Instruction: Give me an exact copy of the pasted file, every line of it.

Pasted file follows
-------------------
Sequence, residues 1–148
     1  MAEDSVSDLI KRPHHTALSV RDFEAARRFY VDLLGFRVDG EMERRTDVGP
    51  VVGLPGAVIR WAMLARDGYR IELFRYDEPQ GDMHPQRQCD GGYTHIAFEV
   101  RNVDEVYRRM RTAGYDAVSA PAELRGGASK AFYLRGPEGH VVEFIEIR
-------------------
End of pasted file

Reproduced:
Sequence, residues 1–148
     1  MAEDSVSDLI KRPHHTALSV RDFEAARRFY VDLLGFRVDG EMERRTDVGP
    51  VVGLPGAVIR WAMLARDGYR IELFRYDEPQ GDMHPQRQCD GGYTHIAFEV
   101  RNVDEVYRRM RTAGYDAVSA PAELRGGASK AFYLRGPEGH VVEFIEIR